Ten years later, WesBell has quite recently hired a marketing company to create a new logo, new website with increased functionality, build sales kits and compete in the top online search results pages. The entire campaign will lead back to the company's website which will no longer be a simple "add products to cart" format, but instead offer their services as well. After buying a spool of wire the user will be prompted to cut the wire to length, along with many more services, with pictures, before completely checking out. This is sure to brand the company as more than a distributor of products. WesBell has been known to change and adapt to changing times, technology and updated equipment to provide exceptional service to their customers.


Target Market Basic Demographics

The key demographic features of their target market range based on size, employee knowledge, technology, equipment, buying power, quality and service. WesBell will be adding new competitors by offering services in addition to their distribution of products but they aren't interested in competing with the major players just yet. As much as companies try not to, they usually start to lose sight of the smaller customers as they continue to grow revenue numbers into the millions and billions. WesBell takes advantage of that smaller target market with increased customer service and quality for those smaller companies.

Not only does WesBell partner well with smaller companies, but they can also charge premium prices for high quality service and product, as stated by Mullins and Walker in Marketing Management - A Strategic Decision-Making Approach, "Thus, a premium price strategy is most appropriate when target customers attach relatively greater importance to quality or service attributes than to price, such as business travelers who are willing to pay more for flights convenient to major cities." They plan to use this approach as they move into the new market of contract manufacturing. Sure, there are hundreds of million dollar contract manufacturers (CMs) that crush WesBell in terms of equipment, technology and staff, however, they can't crush them on personal attention to specific needs along with much smaller minimum orders, no annual contracts and a dedicated customer service agent. WesBell will target the smaller companies that don't have equipment or technology and that need more personal attention that they can't get from big CMs.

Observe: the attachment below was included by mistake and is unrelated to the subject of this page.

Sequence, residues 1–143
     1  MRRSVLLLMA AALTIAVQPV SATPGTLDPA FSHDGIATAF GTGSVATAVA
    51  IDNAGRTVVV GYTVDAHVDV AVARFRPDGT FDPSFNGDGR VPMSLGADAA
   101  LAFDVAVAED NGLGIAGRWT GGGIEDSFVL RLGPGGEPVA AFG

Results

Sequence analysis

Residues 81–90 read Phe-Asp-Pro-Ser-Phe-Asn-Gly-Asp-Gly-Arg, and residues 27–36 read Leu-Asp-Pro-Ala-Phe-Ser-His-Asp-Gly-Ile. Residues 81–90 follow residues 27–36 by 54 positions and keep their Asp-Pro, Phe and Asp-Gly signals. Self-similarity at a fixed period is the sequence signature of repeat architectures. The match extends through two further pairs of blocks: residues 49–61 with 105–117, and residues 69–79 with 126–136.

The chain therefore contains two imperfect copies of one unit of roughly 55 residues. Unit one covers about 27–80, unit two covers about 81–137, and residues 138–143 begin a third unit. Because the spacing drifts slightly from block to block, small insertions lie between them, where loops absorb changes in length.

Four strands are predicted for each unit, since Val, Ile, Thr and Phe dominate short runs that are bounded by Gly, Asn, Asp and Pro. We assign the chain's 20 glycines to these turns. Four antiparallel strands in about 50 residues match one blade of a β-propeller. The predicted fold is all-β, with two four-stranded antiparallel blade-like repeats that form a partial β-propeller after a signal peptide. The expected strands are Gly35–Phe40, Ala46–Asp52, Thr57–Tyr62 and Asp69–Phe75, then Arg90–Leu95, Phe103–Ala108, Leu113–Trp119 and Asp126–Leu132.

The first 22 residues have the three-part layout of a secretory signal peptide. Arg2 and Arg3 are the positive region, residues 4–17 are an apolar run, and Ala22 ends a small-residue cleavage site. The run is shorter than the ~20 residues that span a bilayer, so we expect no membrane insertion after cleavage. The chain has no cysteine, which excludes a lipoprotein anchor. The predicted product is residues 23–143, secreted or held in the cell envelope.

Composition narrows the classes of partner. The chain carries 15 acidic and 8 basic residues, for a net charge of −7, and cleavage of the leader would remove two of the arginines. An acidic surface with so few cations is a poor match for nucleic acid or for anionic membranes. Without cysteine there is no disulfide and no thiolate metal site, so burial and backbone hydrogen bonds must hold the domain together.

Target Market Behavioral or Psychographics

The behavioral and psychographic characteristics of WesBell's target market range from hobbyists in their basement completing projects, businesses with less than 10 employees in a small office, small businesses with added capabilities and large OEMs. The switching costs will be lower when WesBell solicits smaller companies, and it will be easier to build a quick quality relationship with key decision makers such as the owner of a small business. It's a natural behavioral tendency for humans to be known by name rather than a long account number and WesBell believes that their personal attention psychologically builds a strong relationship and repeat business. For instance, their sales people are instructed to verbally confirm the receipt and quality of each shipment with each customer, which sets them aside from the big mysterious corporate companies.